3 Things to Know in the Ninth Circuit (SF Edition): Food, Parking and Tech
The Ninth Circuit meets in Pasadena, Portland, Seattle and San Francisco, but since we're in the Bay Area, and have firsthand experience living in San Francisco, we thought we'd take some time to give you an insider's view of the court when it sits in "The City."
If you are coming to San Francisco to argue an appeal before the Ninth Circuit, there are really three things you need to know (besides your case): food, parking and tech.
Visiting San Francisco -- Parking
San Francisco is no fun when it comes to parking. So much so, that people were actually auctioning off and bidding on parking spots thanks to MonkeyParking (though it's not any longer due to legal action). Our advice to you? Leave the cars at home. If you are local and would normally drive in to the city, consider taking BART or Caltrain.
If you insist on driving, then here's a list of area parking lots. If you are visiting and staying at an area hotel, walking is always a nice option, but if your files and briefcases have you weighed down, there are always taxis, but here in SF we prefer Uber or Lyft.
Visiting San Francisco -- Eating
San Francisco is a foodie town, so if there's one thing you need to do here, it's eat well. The Ninth Circuit website does a pretty good job of listing area restaurants and we'll highlight two that are on the list: Blue Bottle Coffee (best coffee) and Radius (locally sourced food). Missing from the list are my editor's favorite Tu Lan (Vietnamese), 'wichcraft (Chef Tom Colicchio's sandwich outpost), Taddich Grill (old-school with must have cioppino) and the Ferry Building (especially Il Cane Rosso). After hours, head down to the Mission district and eat at Locanda (Italian), Tacolicious (Mexican), Delfina (Italian), Craftsman & Wolves (Baked Goods), and/or Tartine (the best bread you will eat in the U.S.). (You're welcome -- and buon appetito).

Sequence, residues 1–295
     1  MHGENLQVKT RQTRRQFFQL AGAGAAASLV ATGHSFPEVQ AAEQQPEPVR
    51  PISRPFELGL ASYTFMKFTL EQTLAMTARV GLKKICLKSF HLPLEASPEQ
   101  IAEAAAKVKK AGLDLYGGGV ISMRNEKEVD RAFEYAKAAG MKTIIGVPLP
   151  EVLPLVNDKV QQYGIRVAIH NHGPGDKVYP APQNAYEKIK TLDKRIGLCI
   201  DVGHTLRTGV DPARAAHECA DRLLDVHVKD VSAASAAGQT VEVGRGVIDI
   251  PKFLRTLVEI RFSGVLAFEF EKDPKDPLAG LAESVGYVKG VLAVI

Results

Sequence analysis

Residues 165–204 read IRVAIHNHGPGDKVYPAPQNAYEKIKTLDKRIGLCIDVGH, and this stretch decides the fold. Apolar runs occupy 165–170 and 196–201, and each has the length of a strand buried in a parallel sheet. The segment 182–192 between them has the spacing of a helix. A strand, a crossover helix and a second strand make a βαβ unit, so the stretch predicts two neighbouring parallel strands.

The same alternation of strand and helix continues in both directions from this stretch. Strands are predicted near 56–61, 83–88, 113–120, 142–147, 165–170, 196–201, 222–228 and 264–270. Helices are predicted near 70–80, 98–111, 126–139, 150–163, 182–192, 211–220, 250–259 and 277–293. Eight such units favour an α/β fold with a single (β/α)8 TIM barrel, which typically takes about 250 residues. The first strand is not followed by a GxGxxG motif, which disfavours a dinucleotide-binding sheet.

Visiting San Francisco -- Tech
The Bay Area is the heart and soul of the tech industry, and that's reflected in little things such as the Ninth Circuit's website (by far the best of the circuits). The site is updated frequently, and makes it very easy for you to find updates, including audio and video recordings of the proceedings. That said, don't go trying to wear you Google Glass to oral arguments. Finally, since we take tech seriously in the Ninth, please be sure to check the site for the rules regarding electronics and which courtrooms have WiFi (ironically, not SF).
We hope you enjoy your stay in San Francisco, but there's one last thing to remember: if you don't like the outcome of your appeal, you can always petition for cert. The odds are in your favor that the Supreme Court will reverse the Ninth Circuit anyway.
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